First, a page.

It’s funny to think that this junior-high epiphany is still guiding my work. My two YA novels deal with the kinds of dark things I went through in high school, and, as you can see, I’m still writing about them now. My second novel, about a girl who deals with depression, self-injury, and drug addiction, hasn’t sold a lot of copies, but I’ve gotten letters from readers who saw themselves in her struggles and said her story motivated them to seek help. I also got letters from people who said they’d never experienced anything like that, but they were glad to read about it, because now if they encountered someone like her, they would be empathetic instead of judgmental. I wasn’t an activist or a social worker. I wasn’t Kurt Cobain. But I’d helped a few people see themselves, or other people, better.

Aside from personal interactions, nothing moves me the way art does. It can make me laugh, cry, or rage. It can soothe me or make me feel empowered. Sometimes it does all of those things at once. I recently saw the documentary The Punk Singer, about Kathleen Hanna from Bikini Kill. In it, Kathleen talks about a friend and roommate she had when she was quite young, who was attacked one day in their home by an intruder while Kathleen was off somewhere preparing clothes for a fashion show. Kathleen’s response was to silkscreen her roommate’s description of the attack onto the outfits she’d been working on. She knew that her voice was loudest when it was being expressed through art. That voice inspired me, and countless others who will continue the cycle. That seems meaningful to me. That seems important. ♦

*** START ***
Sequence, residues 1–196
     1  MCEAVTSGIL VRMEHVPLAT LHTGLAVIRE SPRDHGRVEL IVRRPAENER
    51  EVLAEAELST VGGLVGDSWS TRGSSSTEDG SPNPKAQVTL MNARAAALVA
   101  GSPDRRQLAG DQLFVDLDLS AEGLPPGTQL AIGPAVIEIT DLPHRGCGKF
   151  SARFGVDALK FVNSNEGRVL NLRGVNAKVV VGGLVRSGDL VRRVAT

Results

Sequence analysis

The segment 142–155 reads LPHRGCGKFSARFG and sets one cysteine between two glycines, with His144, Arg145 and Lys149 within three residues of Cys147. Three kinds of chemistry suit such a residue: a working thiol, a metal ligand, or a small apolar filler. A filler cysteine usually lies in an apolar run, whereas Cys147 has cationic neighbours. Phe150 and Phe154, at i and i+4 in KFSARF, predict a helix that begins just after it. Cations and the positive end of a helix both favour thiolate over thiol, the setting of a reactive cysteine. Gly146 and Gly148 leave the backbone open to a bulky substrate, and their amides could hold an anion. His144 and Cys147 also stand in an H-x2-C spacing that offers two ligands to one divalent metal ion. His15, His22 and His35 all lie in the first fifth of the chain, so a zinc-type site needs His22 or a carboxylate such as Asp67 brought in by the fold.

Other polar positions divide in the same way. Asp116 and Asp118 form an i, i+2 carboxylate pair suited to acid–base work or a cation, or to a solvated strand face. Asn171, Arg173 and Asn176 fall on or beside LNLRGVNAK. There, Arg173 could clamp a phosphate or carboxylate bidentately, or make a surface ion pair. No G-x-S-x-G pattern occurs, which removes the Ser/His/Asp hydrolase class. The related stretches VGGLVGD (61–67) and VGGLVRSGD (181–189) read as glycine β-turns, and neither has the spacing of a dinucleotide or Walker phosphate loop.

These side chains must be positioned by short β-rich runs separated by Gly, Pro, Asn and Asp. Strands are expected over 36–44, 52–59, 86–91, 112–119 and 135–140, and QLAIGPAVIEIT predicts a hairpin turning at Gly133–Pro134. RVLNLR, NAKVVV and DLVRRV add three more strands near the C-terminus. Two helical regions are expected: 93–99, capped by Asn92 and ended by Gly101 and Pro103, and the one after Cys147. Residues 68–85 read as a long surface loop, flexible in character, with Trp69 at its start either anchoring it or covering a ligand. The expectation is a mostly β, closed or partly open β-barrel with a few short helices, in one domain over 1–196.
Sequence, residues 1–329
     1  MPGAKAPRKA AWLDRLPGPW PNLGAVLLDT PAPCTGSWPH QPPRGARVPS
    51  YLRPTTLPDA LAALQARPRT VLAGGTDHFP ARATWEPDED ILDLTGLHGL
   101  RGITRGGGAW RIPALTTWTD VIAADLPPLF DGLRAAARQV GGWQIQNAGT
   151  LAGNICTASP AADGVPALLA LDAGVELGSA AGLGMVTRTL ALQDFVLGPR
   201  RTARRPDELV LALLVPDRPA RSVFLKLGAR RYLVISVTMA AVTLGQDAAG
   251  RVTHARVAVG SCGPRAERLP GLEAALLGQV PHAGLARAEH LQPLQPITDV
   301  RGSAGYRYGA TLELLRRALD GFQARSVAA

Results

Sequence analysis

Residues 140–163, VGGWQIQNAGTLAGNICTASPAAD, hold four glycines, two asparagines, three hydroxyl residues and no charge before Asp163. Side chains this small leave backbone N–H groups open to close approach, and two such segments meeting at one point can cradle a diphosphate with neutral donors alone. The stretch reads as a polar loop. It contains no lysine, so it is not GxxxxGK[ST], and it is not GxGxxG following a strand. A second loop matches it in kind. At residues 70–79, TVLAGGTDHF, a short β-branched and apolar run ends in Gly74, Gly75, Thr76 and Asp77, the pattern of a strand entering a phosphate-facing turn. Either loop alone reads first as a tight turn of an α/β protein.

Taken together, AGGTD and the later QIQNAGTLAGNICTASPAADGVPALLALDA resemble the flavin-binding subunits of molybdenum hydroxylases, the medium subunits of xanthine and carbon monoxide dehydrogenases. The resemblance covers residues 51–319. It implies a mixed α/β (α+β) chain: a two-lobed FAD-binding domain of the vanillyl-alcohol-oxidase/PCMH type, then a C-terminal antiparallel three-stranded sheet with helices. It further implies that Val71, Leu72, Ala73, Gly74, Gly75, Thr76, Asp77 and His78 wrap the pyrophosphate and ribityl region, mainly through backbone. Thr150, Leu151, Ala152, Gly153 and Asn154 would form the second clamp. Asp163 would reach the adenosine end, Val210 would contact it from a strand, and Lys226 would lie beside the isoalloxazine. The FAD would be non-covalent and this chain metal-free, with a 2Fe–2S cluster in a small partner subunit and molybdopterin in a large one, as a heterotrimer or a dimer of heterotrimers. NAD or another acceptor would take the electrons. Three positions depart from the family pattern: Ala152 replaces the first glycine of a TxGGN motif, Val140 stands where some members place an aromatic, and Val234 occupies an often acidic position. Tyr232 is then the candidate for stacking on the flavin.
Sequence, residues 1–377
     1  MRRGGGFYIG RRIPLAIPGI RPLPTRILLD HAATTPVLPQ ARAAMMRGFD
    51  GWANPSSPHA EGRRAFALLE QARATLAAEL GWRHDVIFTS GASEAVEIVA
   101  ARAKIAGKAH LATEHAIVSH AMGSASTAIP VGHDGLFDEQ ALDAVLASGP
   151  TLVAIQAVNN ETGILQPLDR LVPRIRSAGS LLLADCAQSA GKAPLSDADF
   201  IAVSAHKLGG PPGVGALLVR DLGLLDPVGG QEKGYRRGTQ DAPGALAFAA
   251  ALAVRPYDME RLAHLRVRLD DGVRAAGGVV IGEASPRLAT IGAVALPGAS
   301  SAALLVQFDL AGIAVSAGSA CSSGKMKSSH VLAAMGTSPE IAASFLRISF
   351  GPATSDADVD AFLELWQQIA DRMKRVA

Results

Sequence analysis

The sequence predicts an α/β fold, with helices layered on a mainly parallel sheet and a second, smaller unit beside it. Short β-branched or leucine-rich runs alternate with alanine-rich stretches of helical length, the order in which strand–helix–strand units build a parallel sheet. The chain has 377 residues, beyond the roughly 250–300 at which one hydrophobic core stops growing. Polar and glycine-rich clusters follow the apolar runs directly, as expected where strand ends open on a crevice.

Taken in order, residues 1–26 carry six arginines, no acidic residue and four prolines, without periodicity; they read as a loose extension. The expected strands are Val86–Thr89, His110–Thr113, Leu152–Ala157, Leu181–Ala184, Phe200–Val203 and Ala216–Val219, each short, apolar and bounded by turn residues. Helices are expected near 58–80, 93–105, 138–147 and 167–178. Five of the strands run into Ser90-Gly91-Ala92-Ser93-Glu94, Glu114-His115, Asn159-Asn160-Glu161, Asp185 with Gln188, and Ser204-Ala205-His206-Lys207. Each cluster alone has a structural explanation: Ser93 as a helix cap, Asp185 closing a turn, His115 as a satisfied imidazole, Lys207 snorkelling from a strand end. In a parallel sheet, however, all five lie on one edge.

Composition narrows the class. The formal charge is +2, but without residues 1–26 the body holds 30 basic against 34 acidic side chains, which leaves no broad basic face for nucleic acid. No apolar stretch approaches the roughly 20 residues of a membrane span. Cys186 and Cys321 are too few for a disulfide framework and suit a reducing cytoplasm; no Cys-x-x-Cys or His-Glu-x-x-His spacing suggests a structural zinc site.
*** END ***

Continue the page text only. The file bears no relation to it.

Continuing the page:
• llamalina January 9th, 2014 12:04 AM